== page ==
Homelessness, Reports and Publications, Supportive Housing

Presence of Mental Disorder is Strong Predictor for Veteran Homelessness


A new study conducted by the Department of Veterans Affairs - Homeless Incidence and Risk Factors for Becoming Homeless in Veterans.  -  has found that the presence of mental disorders prior to discharge from active duty is the strongest predictor of becoming homeless for veterans who have recently been discharged from active duty. Military sexual trauma is a strong predictor of becoming homeless for female veterans who were also involved with Operations Enduring Freedom (OEF) and Operation Iraqi Freedom (OIF).  Additionally, a higher percentage of veterans of OEF and OIF who became homeless were diagnosed with mental disorders over time than non-OEF/OIF veterans who are homeless.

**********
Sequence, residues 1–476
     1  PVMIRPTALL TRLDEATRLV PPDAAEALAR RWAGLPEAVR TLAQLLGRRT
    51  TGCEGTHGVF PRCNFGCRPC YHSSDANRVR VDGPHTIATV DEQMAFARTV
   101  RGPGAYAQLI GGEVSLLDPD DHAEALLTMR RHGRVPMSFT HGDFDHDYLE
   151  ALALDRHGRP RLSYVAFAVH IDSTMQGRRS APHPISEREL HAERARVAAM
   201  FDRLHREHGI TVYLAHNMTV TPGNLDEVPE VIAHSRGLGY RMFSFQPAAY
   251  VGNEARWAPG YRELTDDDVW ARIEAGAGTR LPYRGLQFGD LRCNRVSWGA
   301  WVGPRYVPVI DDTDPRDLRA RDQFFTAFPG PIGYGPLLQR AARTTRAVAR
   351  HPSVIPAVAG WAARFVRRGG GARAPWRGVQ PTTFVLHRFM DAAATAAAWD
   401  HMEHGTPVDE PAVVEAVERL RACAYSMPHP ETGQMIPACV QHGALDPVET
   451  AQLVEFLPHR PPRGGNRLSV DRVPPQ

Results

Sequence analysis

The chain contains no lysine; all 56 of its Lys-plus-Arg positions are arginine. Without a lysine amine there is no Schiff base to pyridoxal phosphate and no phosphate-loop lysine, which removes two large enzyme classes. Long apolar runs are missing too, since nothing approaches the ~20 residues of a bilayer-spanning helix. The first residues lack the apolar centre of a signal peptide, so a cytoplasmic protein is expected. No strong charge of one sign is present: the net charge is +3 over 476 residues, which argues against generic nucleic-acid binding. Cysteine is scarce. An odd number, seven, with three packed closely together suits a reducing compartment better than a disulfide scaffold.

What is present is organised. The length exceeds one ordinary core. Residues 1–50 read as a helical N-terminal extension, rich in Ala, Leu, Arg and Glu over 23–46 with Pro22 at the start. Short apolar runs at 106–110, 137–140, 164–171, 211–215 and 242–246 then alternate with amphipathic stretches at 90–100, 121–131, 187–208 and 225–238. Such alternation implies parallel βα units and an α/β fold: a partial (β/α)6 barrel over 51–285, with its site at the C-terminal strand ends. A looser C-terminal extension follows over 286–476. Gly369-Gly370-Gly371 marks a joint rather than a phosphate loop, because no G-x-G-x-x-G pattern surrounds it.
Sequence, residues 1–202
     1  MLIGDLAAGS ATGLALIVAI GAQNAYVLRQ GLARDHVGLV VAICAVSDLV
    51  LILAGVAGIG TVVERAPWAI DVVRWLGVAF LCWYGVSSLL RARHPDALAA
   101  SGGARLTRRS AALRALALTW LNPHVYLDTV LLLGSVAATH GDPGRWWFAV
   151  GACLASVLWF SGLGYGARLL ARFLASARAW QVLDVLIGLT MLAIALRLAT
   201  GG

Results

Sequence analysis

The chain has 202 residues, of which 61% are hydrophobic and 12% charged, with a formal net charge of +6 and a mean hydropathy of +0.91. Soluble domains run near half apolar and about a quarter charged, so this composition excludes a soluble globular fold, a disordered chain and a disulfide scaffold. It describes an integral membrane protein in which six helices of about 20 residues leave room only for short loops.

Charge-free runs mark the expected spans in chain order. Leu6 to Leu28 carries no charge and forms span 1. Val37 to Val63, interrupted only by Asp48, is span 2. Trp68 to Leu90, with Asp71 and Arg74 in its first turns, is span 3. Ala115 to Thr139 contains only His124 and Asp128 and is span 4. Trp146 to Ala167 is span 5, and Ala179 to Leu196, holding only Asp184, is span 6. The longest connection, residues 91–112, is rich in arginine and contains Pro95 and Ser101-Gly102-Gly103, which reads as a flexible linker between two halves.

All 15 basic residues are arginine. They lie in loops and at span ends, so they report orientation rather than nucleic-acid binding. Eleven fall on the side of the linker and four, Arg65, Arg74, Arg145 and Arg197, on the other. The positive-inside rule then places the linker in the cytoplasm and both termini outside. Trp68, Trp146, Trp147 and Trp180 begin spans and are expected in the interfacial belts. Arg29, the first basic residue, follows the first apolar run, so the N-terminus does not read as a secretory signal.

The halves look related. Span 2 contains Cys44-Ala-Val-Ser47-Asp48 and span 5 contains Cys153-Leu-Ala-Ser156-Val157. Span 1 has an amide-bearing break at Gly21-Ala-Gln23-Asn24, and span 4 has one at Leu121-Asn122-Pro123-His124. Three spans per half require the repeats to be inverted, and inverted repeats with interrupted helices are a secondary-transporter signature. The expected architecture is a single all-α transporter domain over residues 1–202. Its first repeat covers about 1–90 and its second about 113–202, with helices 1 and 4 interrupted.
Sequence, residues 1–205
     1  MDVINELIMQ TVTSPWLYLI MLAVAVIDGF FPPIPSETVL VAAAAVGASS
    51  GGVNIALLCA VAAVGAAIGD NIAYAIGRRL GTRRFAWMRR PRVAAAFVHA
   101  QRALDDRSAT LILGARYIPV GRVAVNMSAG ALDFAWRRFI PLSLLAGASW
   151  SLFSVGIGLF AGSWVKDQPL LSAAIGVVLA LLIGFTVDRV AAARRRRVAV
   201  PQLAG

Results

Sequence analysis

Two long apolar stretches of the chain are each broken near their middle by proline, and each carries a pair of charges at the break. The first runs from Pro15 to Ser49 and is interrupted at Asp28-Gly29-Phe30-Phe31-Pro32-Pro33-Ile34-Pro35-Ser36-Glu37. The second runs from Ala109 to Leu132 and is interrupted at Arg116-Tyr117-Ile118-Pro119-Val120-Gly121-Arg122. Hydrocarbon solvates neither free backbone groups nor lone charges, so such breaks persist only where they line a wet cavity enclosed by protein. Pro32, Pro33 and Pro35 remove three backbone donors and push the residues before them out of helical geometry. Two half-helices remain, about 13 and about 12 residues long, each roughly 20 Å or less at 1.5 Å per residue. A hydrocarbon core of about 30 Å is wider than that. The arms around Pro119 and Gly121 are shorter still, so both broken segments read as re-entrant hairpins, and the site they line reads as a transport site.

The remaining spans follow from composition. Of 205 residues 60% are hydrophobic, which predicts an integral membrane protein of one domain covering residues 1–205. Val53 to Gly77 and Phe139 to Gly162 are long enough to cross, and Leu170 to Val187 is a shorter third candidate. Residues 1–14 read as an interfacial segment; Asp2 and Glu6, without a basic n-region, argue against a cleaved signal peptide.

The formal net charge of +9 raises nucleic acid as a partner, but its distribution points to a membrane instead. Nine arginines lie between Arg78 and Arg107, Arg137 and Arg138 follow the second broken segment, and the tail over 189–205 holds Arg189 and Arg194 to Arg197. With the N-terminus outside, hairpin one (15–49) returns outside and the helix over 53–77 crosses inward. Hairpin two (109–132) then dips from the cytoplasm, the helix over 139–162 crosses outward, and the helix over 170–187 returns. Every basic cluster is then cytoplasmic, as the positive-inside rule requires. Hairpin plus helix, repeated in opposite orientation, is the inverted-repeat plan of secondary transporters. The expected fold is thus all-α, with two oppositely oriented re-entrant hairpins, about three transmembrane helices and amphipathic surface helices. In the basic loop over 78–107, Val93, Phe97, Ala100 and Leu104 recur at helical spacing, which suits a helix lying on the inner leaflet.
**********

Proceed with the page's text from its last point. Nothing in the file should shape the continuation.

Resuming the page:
In an effort to achieve their 5 year goal of eliminating homelessness among veterans, the Department of Veterans Affairs, Office of Inspector General conducted and  published the report: Homeless Incidence and Risk Factors for Becoming Homeless in Veterans. The study investigated the incidence of homelessness among recent veterans, the existence of risk factors for veterans to become homeless and the use of VA specific homeless services by homeless veterans.

This study underscores the need for specific services that address the mental needs of new veterans to prevent homelessness.

To read the full report, click here


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